Hello! I got a young (about a foot-ish) female blood Python that I have dubbed Countess Bathory and she has already more than earned that title. She has already taken a meal no problem. I wanted to make sure that I am handling her spiciness in the most effective way.
For example, today I took her out and she came out swinging and defecating. Tagged me a total of 8 times before she ran out of gas. During this time I made sure she was secure on a flat surface and didn’t flinch or let go. She stayed frozen for a while after that but I waited until she started doing the more relaxed, curious tongue flicks and began exploring a bit so I knew she was out of that defensive mindset. Once she seemed relaxed for a few minutes I returned her to her enclosure.
My main question is how often should I do this? I don’t want to overly stress her. Is there anything you would do differently? What have you had success with?
You could try tap training with a snake hook, paper towel roll or whatever else you have handy. Also you can open the enclosure, or tub and let it start to come out on its own, then let it crawl over your hand for support. Also if you are holding it you can try to keep its head away from you and keep moving slightly so it might not lock on a target as fast. It’s still small and scared of everything, so do short handling sessions 3-4 times a week and hopefully it will start to calm down for you. Some snakes just don’t want to be handled, but most will stop trying to bite every time. Good luck!
Gotcha, I’ll aim for 3-4 times a week then. I tried redirecting her a so often so with nervous snakes but I have to give her credit she is quite the little fighter. She is extremely fast and determined. She doesn’t have to be a perfect puppy dog and be into me handling her all of the time but I prefer to each her some basic manners while she is still small for health checks and enclosure maintenance.
I made this post to what may be the best and most active Blood and STP forum on the internet with excellent feedback. I hope you find it helpful.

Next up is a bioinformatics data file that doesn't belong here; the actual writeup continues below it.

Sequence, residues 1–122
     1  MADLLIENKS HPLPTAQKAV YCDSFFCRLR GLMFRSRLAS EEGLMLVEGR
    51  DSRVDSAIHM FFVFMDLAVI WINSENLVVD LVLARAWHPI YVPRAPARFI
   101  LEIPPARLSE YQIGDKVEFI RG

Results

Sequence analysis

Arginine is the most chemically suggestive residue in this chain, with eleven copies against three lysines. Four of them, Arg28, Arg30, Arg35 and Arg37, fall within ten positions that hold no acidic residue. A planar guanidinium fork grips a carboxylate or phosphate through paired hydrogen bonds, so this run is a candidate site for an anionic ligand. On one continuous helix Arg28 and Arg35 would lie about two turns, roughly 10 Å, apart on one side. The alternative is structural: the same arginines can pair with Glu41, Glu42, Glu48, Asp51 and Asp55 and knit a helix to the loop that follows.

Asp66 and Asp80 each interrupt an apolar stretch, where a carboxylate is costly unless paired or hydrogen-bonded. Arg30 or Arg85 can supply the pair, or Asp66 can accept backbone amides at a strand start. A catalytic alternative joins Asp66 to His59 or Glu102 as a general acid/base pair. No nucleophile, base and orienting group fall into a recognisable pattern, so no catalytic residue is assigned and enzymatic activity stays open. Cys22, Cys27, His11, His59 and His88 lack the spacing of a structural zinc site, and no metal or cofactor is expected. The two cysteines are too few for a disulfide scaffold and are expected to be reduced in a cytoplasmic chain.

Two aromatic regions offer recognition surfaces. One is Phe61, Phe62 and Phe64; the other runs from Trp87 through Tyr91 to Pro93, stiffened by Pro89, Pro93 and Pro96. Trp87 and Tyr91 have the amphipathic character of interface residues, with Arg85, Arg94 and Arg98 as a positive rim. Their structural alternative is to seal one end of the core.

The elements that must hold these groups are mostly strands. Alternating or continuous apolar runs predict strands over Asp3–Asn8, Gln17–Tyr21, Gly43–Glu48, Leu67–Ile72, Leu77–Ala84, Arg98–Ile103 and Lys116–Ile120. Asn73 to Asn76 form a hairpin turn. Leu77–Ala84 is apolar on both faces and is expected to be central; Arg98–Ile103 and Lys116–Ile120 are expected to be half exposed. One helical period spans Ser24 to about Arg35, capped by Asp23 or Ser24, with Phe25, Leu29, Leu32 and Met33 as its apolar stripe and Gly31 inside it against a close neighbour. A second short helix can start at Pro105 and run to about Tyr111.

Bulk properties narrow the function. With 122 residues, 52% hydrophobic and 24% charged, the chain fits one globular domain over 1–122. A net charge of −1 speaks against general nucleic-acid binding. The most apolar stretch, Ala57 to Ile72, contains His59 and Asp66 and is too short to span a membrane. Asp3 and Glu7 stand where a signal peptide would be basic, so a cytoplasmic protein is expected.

As a person who was new to Blood Pythons and got their first one in April of 2022, I thought I might share what I’ve learned as far as handling and interaction goes.
I was pretty timid at first, I have over a dozen ball pythons, corn snakes, have kept hognose snakes as well, but the reputation of bloods and other STP’s had me spooked.
Maybe I’m just a dork but I sing or just talk to them about what I’m going to do. Obviously they can’t hear me but it distracts me enough to make me confidant.
I have strict routines. All of my animals know what happens before food, there is an explosion of heat for quite some time just before they get fed (I use a heat gun to heat f/t) and they are ready and waiting for the tongs. When I need to clean or otherwise put my hands inside their tub, or simply want to handle them, the tub comes 100% out of my rack, no exceptions. They NEVER get food with the tub all the way out.
Pick them up with purpose and confidence every time. Are you just going to handle them for a bit? Are you cleaning and moving them to a spare tub for the moment? Pick them up gently but securely and do what you need to do, don’t ask for permission.
Keep handling short, infrequent, and positive for a good long while. I’ve had my female for 10 months now. Typically for the first 8 or so months if I needed to get her out she was more than ready to go back into her tub quickly. Now, sometimes she turns around away from her tub and climbs back up my chest when I go to put her back in. I take that as a cue that she’s comfortable staying out for a bit. She looks at stuff and moves around, tongue flicks, and seems generally curious about things. Prior to this change she would hold perfectly still until she got near enough to her tub to get inside. It was easier to take photos of her when she was nervous, but I don’t mind taking the hit on that.
I know that this information isn’t much different than the advice that the pros here give all the time, but thought it might be encouraging for someone to know that another new person followed the advice and had success with it. Confidence, patience, and routine, that’s the formula with these guys.
Appreciate it. Seems like pretty standard snake stuff just gotta be patient with it. I’ve just never had a snake be so nervous before and its ky first foray into this species so I wanted to check-in. It’s definitely defensive and not a feeding response that is pretty clear. She’s is a very nervous girl and I’m trying to find a balance of teaching her that behavior doesn’t work without stressing her out too much.